Posted On December 1, 2016 By In Slider, Sport And 1634 Views

India v/s England: Indians pitch it right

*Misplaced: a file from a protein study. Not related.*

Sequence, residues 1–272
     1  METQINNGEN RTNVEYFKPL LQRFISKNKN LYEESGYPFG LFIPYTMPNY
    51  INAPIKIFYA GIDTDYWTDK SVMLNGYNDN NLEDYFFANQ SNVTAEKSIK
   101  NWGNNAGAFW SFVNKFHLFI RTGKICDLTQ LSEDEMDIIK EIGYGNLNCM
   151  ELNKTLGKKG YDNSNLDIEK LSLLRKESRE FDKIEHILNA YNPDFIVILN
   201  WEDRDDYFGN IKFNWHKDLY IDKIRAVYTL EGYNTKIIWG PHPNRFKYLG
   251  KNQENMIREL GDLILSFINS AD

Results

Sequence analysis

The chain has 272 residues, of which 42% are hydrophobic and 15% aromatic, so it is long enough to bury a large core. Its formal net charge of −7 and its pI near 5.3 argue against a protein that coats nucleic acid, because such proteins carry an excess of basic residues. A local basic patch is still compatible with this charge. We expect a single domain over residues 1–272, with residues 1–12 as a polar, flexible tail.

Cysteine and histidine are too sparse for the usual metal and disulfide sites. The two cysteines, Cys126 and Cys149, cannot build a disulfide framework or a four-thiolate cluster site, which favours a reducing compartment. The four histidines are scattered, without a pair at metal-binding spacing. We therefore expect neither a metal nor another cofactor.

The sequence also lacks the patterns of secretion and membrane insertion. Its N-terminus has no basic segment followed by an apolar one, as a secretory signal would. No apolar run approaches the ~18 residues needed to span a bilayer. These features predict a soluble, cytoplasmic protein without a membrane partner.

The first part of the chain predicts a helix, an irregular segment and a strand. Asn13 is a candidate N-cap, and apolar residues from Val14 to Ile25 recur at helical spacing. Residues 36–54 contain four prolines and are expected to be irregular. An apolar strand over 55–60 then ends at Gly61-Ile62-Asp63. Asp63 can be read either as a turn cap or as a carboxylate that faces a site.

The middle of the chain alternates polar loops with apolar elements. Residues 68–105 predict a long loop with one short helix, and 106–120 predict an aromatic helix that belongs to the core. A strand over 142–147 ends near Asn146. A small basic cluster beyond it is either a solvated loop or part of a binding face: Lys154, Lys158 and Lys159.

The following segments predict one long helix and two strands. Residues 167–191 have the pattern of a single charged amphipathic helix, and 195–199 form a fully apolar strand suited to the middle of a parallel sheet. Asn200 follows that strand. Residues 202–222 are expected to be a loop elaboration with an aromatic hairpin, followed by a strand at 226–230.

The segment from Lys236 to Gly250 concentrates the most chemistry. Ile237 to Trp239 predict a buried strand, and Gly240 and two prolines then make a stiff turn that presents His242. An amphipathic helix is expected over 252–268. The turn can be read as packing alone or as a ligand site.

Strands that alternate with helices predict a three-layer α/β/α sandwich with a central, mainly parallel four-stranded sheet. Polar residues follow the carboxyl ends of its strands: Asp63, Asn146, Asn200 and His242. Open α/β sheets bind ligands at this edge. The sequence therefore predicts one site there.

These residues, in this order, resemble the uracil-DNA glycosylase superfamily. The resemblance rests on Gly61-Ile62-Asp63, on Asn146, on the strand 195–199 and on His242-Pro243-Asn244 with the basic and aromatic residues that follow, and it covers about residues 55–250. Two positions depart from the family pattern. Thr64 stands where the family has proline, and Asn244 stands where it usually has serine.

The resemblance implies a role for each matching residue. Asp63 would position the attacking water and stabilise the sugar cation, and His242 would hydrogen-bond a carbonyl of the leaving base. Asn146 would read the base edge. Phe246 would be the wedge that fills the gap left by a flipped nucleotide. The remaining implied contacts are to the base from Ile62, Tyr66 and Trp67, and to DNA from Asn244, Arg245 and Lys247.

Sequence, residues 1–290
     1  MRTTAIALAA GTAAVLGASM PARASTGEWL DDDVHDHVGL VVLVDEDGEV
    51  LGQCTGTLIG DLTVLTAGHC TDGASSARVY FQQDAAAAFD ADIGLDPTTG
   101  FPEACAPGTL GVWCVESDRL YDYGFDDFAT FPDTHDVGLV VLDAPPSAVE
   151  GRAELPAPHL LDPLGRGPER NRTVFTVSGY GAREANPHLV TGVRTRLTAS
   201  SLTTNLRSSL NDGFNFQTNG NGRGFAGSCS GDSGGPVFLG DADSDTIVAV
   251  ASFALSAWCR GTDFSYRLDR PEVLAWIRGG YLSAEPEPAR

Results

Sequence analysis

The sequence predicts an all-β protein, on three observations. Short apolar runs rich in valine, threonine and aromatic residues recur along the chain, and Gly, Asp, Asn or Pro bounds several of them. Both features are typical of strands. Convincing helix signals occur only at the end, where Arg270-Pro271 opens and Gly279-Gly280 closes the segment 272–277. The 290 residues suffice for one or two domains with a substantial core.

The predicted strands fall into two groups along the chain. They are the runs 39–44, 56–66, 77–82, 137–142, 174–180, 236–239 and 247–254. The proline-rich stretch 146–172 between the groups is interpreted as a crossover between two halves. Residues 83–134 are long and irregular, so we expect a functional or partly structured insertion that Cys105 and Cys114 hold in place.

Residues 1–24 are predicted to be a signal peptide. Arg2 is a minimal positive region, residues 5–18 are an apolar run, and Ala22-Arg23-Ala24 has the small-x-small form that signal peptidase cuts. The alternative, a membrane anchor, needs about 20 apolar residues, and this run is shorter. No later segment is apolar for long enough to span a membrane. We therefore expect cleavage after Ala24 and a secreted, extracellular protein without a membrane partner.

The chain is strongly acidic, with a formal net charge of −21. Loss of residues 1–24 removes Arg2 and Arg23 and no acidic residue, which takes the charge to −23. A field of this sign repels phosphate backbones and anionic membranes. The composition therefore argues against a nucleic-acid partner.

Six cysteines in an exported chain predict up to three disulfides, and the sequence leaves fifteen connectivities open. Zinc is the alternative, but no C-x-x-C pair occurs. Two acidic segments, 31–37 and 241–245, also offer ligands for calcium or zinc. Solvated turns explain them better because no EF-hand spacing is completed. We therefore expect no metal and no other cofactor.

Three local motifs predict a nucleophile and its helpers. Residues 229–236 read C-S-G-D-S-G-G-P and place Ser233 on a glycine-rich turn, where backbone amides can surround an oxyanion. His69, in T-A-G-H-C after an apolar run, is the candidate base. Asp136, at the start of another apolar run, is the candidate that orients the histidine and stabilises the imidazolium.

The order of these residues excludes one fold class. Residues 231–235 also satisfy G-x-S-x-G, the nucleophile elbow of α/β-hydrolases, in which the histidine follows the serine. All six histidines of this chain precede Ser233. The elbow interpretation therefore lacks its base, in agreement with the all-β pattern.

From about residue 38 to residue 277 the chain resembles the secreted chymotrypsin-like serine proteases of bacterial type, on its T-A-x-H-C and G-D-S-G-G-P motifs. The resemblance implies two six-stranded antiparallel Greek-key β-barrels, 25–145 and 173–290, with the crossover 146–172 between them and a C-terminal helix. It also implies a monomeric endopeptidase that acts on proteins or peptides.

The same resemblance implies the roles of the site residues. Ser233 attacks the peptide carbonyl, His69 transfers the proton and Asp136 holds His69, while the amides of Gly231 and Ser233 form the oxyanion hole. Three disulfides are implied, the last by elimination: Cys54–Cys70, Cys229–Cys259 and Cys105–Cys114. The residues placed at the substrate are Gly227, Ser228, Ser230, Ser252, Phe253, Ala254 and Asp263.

Virat Kohli has reasons to be happy. On one hand, he is being absolved from the tag of an Indian skipper who can only win on “unfair home tracks”. On the other hand, for the first time his team possesses equal destructive weapons of pace and spin in its armoury. It was here in Mohali exactly a year back that Kohli and the Indian team management were bashed up by the media and South African team equally for opting for unfair advantage by doling out rank turners. Kohli was new to all that criticism but still went ahead with his plans of playing positive cricket on whatever pitches he came across. When the England team arrived in India for the current five-Test series, it was expected that India would certainly like to go in for tailor-made pitches in order to seek revenge of last series, 1-2 loss in 2012-13. But nothing of that sort happened. In fact, the outing in Rajkot was more enjoyable for England than the hosts. Visakhapatnam Test tested Kohli’s patience in the second innings when England’s decision to stonewall Indian attack could well have frustrated any cricketer. But, Kohli showed why his aggression is always mixed with reasoning. And he waited for English openers, Alastair Cook and Haseeb Hameed to tire themselves out before going for the kill. Securing a 246-run victory in Vizag must have given Kohli that extra confidence that he can actually break the traditional mindset of going with three different types of spinners, and instead opted for Jayant Yadav as specialist off-spinner along with the tried and tested Ravichandran Ashwin. Well, that was a big gamble he was taking with Amit Mishra-like experienced leg-spinner in his squad. But Kohli judged Jayant’s all-round abilities and also found him fit to play his style of aggressive cricket. The result is in front of everyone… Jayant now has eight wickets after two Tests. And most of them were at a time when he was brought in to break a partnership. It’s too early to say whether olden days of Indian cricket are coming back. The days of Erapalli Prasanna and Srinivasaraghavan Venkataraghavan bowling from two ends were only been talked as nostalgic tales. The famed Indian quartet of spin bowlers in the 1970s – the others being Bishan Singh Bedi and Bhagwat Chandrasekhar – are still vivid in cricket fans memory. But Kohli’s team has one more tale to add to history. The slow Mohali wicket showed how Indian pacers – Mohammed Shami and Umesh Yadav – generated 145kmph speed on docile tracks to lay down foundation for one of the most comprehensive victories for Team India in recent times. And, this came after losing such a crucial toss. The five Indian bowlers – two pacers and three spinners – never allowed any of the English batsmen to completely settle down in the middle. Even the innings played by either Joe Root, Hameed, Jos Buttler or Jonny Bairstow was not completely chanceless. Ask Chris Woakes, who along with Hameed was threatening to extend the Mohali game into the final day when Shami rattled him with a deadly bouncer. Shami’s run down at the wicket followed by vicious pace and bounce has created a havoc in the opposition’s mind. Shami was gracious enough to inquire about Woakes’s well-being. But like a true speedster, he went back to his run up and sent down another well-directed bouncer to send Woakes packing. And two balls later, Adil Rashid experienced what was hardly been on display till recently on true and sporting Indian tracks. Going into Mumbai’s fourth Test, England now look more ill-equipped to cope with this new Indian attack. And the injury to Hameed has only added to their woes. England came prepared with five specialist batsmen, six all-rounders, four fast bowlers and two front-line spinners in their 17-man squad for the Test series. Despite having a good combination of right-handed and left-handed batters, bowlers who have pace and mastered the art of reverse swing, a leg-spinner, two off-spinners and a left-arm spinner and two wicket-keeper batsmen, the tourists may find it extremely difficult like the last time in 2012 to make a comeback in Mumbai’s must-win encounter. The broken finger of Hameed is a resemblance of broken English dreams!


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